Jimmy Herring and the Invisible Whip struck the match.
John McLaughlin and the Fourth Dimension fanned the flames.
Together, using material from a 45 year old band, McLaughlin’s Mahavishnu Orchestra, they built a blazing fire inside the University at Buffalo Center for the Arts Wednesday night.
It was the first night of a fusion guitar lover’s dream tour, dubbed The Meeting of the Spirits. It will be the last ever North American visit for the legendary British septuagenarian guitarist.
The opening set from Jimmy Herring’s new solo outfit, was anything but your typical opening set. The seats in the theater were full and the crowd was at full attention from the first notes. Herring showcased his talents in restrained spurts, masterfully directing his bandmates through 50 minutes of exhilarating instrumental fantasies. His crack squad of Jeff Sipe, Jason Crosby, Matt Slocum and Kevin Scott were with him every step of the way through a seven-song set including “1911” and “Jungle Book.” Their mid-set rendition of “Les Brers in A Minor” made clear that it was a jazz fusion tune hiding out in a Southern rock band all along.
McLaughlin’s Fourth Dimension is another band brimming with talent. Bassist Etienne Mbappe, drummer Ranjit Barot and keyboardist/drummer Gary Husband all had ample space to showcase their talents throughout the set. Masterful bass solos were met with drum solos complete with mind-boggling scat drumming. Husband made the synthesizer a chameleon, realigning the sound continuously. “Kiki” and “Miles Beyond” gave way to more mellow material like “Gaza City” and “El Hombre Que Sabia,” a tune McLaughlin meant to record with Paco Delucia before he passed away, which now he plays as an homage. He wandered the wide-open stage as he played, effortlessly creating guitar sounds that were impossibly perfect at impossible speeds. As their set ended, McLaughlin was ready to keep it going, calling for Herring and band to come out. Call it a first night mix-up, apparently there would need to be a quick break.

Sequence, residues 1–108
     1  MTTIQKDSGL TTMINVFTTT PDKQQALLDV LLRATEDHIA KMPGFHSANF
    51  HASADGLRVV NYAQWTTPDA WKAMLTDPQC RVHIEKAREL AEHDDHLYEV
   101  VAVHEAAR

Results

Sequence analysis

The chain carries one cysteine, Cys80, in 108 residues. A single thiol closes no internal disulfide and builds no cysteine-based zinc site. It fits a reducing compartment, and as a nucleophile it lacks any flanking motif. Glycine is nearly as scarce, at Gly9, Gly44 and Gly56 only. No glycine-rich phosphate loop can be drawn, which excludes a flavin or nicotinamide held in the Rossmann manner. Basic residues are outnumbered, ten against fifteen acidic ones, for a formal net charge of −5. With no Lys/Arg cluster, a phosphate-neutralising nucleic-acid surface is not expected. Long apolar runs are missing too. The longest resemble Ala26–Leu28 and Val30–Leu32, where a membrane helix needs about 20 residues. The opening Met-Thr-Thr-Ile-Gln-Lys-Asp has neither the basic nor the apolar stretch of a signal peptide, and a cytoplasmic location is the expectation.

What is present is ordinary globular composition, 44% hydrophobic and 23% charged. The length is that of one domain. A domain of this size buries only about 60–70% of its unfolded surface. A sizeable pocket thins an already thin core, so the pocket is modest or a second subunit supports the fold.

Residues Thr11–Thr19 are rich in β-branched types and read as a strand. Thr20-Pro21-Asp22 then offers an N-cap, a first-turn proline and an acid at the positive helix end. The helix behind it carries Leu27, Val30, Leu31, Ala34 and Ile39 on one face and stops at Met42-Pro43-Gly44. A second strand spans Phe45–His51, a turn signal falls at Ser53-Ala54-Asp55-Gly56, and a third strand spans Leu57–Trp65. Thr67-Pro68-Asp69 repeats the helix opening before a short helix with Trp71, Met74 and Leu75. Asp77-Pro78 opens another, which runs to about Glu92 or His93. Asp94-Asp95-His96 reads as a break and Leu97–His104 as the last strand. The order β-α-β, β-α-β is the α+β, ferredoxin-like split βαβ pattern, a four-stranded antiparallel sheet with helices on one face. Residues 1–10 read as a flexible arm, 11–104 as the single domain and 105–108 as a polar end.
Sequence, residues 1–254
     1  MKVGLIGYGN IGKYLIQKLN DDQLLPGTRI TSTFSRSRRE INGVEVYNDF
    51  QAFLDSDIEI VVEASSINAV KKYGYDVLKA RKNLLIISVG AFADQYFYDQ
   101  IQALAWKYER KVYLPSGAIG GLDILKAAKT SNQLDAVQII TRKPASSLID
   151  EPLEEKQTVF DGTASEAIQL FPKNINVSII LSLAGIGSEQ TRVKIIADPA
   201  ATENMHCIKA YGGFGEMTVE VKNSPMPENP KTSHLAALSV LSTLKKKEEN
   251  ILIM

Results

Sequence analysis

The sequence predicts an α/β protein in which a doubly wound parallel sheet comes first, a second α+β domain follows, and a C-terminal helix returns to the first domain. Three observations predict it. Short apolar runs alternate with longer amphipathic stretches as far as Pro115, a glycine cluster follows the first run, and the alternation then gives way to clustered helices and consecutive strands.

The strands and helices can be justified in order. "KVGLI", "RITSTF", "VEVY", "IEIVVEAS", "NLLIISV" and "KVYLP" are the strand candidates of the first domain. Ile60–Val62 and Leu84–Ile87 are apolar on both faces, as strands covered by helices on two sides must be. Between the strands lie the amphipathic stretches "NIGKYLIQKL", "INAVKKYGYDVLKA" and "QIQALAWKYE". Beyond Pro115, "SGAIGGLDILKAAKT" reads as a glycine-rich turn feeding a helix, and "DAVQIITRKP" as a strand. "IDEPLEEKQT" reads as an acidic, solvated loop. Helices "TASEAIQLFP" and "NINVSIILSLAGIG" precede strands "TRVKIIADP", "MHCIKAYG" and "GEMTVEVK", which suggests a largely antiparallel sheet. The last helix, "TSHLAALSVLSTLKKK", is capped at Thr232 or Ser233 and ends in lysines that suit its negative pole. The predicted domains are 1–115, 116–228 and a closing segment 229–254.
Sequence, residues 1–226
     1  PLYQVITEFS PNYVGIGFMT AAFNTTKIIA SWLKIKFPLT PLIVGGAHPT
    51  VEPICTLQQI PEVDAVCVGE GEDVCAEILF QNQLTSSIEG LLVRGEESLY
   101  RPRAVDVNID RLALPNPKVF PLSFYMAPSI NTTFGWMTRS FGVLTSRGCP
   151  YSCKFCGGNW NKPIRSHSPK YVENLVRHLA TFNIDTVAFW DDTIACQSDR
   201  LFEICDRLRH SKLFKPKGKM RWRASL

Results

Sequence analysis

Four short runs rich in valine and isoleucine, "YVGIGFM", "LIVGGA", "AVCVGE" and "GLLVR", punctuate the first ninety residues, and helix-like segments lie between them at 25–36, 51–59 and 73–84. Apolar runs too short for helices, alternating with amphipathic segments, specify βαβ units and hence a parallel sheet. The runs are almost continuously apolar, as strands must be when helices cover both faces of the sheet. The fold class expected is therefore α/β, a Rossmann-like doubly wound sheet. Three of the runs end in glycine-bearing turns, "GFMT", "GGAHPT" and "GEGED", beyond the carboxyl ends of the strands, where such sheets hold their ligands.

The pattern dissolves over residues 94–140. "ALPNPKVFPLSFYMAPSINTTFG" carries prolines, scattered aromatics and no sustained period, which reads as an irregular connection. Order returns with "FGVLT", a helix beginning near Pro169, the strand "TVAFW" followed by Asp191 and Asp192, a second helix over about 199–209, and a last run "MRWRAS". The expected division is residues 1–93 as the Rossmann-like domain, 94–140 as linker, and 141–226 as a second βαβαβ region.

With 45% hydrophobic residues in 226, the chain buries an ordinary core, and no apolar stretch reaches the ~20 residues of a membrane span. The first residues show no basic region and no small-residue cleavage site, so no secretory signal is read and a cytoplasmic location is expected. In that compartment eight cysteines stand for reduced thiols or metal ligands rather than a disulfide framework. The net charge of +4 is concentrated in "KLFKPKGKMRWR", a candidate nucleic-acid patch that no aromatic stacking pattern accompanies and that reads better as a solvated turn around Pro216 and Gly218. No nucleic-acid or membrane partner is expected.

For the third set both bands combined to form a 9-man fusion supergroup. This was headphone music and luckily the theater’s acoustics were up to the challenge. The sound was impeccable. And the playing was too. Double drummers, double bassists, double keys, and McLaughlin pulled out the double-neck guitar to boot. Somehow as the band doubled in size it only grew tighter. McLaughlin played facing the band for most of the set, not only lead-guitarist but musical director, steering the monster band through a selection of classic Mahavishnu Orchestra tunes. “Meeting of the Spirits,” “Trilogy,” “The Dance of Maya,” not quite as fresh and vital as they were 40 years ago, but still powerful and invigorating. The maestro was in and the class was in session. “Eternity’s Breath” showcased the intensity of a band where every member is a secret weapon. Though perhaps they were most impressive on the mellower “Earth’s Ship,” as the bassists weaved lines around each other and the rest of member’s distinct sounds were teased apart gently to beautiful effect. The inner mounting flame was burning, unfortunately it couldn’t be eternal.
Leaving a Buffalo stage for the last time, McLaughlin said his final goodbye to the city with a quote from the Eagles, of all things, “We may lose and we may win though, we will never be here again.”
Take it easy, John.
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